Like many music fans, I was saddened by the loss of Whitney Houston yesterday. I used to play her 1986 self-titled debut LP all the time when it first came out and even had a poster on my wall for a time.
Unfortunately, I only got to see her once in concert, long after the big hit-making period. Still, it was a memorable one. Here's the review I did for the Riverside Press-Enterprise on 7/31/99...
DATELINE: UNIVERSAL CITY, CALIF.
"We're about to get real sexy here. Can you handle it?" asked Whitney Houston, shortly after the start of her dazzling sold-out show at the Universal Amphitheatre on Thursday night (she also did a sold- out benefit for the Magic Johnson Foundation the following evening).
Fans barely contained their glee at Houston's magnificent return to the stage after a five-year absence. Hardly the prima donna everyone makes her out to be, Houston continually joked with the crowd and even sang into one person's cell phone.
Unlike many entertainers, Houston has managed to successfully juggle several roles during the '90s and do them well.
She's a record-breaking music superstar who has a dozen No. 1 singles, a budding actress who's starred in three films and an all-around diva extraordinaire.
But more importantly, Houston, 35, is a devoted mother and patient wife. In fact, this brief tour was timed to coincide with her young daughter's summer vacation. That family connection (both immediate and extended) was strongly felt throughout the concert.
Illuminated by three rows of 50 miniature bright lights (imagine a children's Light Bright toy), the stage was an awesome sight and often blinding. In addition to three industrial-sized fans, members of Houston's 10-member backing band were strategically placed on a catwalk.
She opened the 20-song, two hour, 10-minute set with the frantic "Get It Back," the first of nine tunes from last year's hip and sophisticated "My Love is Your Love" disc.
Some scantily clad female dancers arrived onstage and played faux violins to whip up anticipation. Then Houston made her grand entrance at the top of the stairs in a sparkling cape and capri pants outfit by tour designer Dolce & Gabbana. The ladies quickly fell into formation and sashayed across the stage.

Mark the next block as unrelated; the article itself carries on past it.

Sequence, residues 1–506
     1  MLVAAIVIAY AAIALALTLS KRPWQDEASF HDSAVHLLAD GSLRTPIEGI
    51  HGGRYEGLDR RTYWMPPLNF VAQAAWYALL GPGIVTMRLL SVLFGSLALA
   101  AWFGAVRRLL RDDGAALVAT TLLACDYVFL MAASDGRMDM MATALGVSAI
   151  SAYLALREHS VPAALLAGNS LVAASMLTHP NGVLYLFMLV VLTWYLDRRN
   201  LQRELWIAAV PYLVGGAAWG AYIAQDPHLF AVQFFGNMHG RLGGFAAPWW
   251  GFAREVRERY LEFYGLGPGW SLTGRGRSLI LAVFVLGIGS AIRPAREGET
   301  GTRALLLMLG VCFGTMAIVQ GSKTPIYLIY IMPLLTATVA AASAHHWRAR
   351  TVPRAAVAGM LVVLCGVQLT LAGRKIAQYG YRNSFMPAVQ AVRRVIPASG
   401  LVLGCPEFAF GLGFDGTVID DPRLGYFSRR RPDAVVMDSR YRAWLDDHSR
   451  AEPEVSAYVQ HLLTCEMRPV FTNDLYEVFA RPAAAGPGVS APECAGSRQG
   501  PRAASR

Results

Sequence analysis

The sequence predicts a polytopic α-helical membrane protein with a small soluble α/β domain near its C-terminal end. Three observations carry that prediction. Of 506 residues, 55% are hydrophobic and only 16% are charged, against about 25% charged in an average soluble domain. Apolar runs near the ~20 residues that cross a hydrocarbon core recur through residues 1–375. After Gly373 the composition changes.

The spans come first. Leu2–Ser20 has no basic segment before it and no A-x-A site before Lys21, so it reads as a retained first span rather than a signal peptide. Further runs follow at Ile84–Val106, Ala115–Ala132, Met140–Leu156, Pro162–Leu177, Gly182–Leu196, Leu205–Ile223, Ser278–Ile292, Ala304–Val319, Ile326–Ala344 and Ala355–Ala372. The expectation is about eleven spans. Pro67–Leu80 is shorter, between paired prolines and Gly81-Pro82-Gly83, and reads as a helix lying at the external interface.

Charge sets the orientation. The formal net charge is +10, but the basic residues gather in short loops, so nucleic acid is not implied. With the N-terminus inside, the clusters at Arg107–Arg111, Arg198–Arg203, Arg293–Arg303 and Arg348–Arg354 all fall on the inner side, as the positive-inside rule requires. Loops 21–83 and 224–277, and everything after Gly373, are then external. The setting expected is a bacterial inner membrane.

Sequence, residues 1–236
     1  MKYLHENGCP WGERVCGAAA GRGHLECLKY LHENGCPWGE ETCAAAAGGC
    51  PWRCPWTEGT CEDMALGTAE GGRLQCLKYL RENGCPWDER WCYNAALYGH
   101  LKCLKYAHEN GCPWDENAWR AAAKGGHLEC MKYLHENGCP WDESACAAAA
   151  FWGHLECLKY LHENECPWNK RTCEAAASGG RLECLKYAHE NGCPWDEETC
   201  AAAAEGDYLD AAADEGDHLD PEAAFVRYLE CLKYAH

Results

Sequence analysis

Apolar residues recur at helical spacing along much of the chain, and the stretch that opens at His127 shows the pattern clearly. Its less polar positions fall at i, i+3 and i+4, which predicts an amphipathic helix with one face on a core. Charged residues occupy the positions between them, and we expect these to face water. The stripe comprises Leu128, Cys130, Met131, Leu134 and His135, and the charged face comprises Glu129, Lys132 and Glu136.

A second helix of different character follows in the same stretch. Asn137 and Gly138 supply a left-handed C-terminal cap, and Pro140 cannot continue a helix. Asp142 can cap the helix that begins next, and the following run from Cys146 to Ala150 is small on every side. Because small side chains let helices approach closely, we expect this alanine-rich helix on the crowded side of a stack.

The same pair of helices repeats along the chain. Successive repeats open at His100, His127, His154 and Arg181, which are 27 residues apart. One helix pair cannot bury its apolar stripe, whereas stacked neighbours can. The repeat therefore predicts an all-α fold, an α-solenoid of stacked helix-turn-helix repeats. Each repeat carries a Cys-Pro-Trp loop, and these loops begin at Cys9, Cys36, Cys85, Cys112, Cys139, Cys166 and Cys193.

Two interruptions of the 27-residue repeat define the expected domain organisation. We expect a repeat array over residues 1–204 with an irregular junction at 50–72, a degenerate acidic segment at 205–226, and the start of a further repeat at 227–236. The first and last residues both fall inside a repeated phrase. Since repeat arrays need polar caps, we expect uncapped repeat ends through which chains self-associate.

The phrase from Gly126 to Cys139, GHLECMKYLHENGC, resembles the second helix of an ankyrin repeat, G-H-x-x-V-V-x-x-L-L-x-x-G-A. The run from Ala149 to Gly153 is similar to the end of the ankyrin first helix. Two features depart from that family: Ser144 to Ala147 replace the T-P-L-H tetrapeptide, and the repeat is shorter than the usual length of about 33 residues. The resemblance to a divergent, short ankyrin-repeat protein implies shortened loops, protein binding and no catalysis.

All the new songs sounded slick and had everyone's riveted attention - particularly the recent dance hit "Heartbreak Hotel" (not to be confused with the Elvis tune).
With back turned to the crowd, Houston freshened up for several minutes, then launched into a romantic medley of 1985's "You Give Good Love" and "Saving All My Love For You." The latter was highlighted by a spiffy new jazz arrangement and turned into an exercise for Houston's amazing vocal prowess.
She and husband Bobby Brown have long been tabloid fodder for their allegedly abusive relationship. Before the sultry "Oh Yes," Houston half-seriously addressed the matter: "Contrary to popular belief, we don't fight all the time. And no, I don't hit my husband."
Much like her film "Waiting to Exhale," where four good friends gather to shoot the breeze, Houston turned the soundtrack's "Exhale (Shoop Shoop)" into an extended gab and audience participation fest that lasted nearly 15 minutes.
She greeted and introduced friends in the audience and jokingly lured R&B singer Monica onstage for a duet.
The dark and dramatic "I Learned From the Best" found Houston's dynamic vocal range in fine form before she left the stage for a costume change. Brother Gary took over lead vocal reigns on a cover of Babyface & Eric Clapton's "Change the World."
When Houston returned, she was sporting a tight, silver mini-dress beneath a sheer flowered fabric fashioned into a long train.
Next, the concert really caught fire. On a dynamic "I'm Every Woman," Houston belted out the lyrics while the dancers engaged in well-choreographed moves straight out of a big budget music video. Houston's stepdaughter even made a brief appearance.
Keeping on the dance tip, a hi-NRG, remixed version of "I Wanna Dance With Somebody (Who Loves Me)" breathed new life into the 1987 number. "How Will I Know" was also adeptly recast into a light and breezy shuffle.
"In My Business" was haunting hip-hop at its best, with Missy Elliott's sampled vocals and piano melody carrying Houston's pointed delivery and gestures. Keying into the lyric, the dancers and husband Brown both acted as paparazzi.
Houston went back to her roots for an uplifting gospel music section including "Go to the Rock." The lilting, reggae-fied "My Love is Your Love" was truly a family affair when Houston's 6-year-old daughter Bobbi Kristina joined mommy onstage to sing "everybody get up" and father Bobby even joined in on the action.
Yet his defensive remarks about being "to hell and back, but we're still together after seven years" deflated some momentum.
Finally it was time for "I Will Always Love You" (from "The Bodyguard" soundtrack) - the song many people came to hear. Perched on a seat, Houston sang the slow, gorgeous build-up with ease then nailed the earth-shattering vocal finale.
By the end, Whitney Houston proved time and time again why she's one of America's premiere female vocalists in any genre.